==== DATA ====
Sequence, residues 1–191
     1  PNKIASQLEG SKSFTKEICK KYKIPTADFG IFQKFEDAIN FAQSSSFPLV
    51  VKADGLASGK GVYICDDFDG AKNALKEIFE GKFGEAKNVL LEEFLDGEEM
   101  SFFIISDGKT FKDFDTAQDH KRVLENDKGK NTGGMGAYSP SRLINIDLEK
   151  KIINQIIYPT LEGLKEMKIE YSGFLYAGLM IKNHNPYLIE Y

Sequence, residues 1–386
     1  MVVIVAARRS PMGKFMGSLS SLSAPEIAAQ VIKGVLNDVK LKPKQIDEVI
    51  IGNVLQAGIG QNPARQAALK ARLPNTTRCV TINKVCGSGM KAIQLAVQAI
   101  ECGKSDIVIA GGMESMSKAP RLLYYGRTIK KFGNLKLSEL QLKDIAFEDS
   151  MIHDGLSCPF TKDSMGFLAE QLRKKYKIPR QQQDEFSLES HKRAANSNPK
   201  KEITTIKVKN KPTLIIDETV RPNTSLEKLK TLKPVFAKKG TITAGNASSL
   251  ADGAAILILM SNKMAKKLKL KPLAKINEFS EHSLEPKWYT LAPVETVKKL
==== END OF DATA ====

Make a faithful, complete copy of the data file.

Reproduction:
Sequence, residues 1–191
     1  PNKIASQLEG SKSFTKEICK KYKIPTADFG IFQKFEDAIN FAQSSSFPLV
    51  VKADGLASGK GVYICDDFDG AKNALKEIFE GKFGEAKNVL LEEFLDGEEM
   101  SFFIISDGKT FKDFDTAQDH KRVLENDKGK NTGGMGAYSP SRLINIDLEK
   151  KIINQIIYPT LEGLKEMKIE YSGFLYAGLM IKNHNPYLIE Y

Sequence, residues 1–386
     1  MVVIVAARRS PMGKFMGSLS SLSAPEIAAQ VIKGVLNDVK LKPKQIDEVI
    51  IGNVLQAGIG QNPARQAALK ARLPNTTRCV TINKVCGSGM KAIQLAVQAI
   101  ECGKSDIVIA GGMESMSKAP RLLYYGRTIK KFGNLKLSEL QLKDIAFEDS
   151  MIHDGLSCPF TKDSMGFLAE QLRKKYKIPR QQQDEFSLES HKRAANSNPK
   201  KEITTIKVKN KPTLIIDETV RPNTSLEKLK TLKPVFAKKG TITAGNASSL
   251  ADGAAILILM SNKMAKKLKL KPLAKINEFS EHSLEPKWYT LAPVETVKKL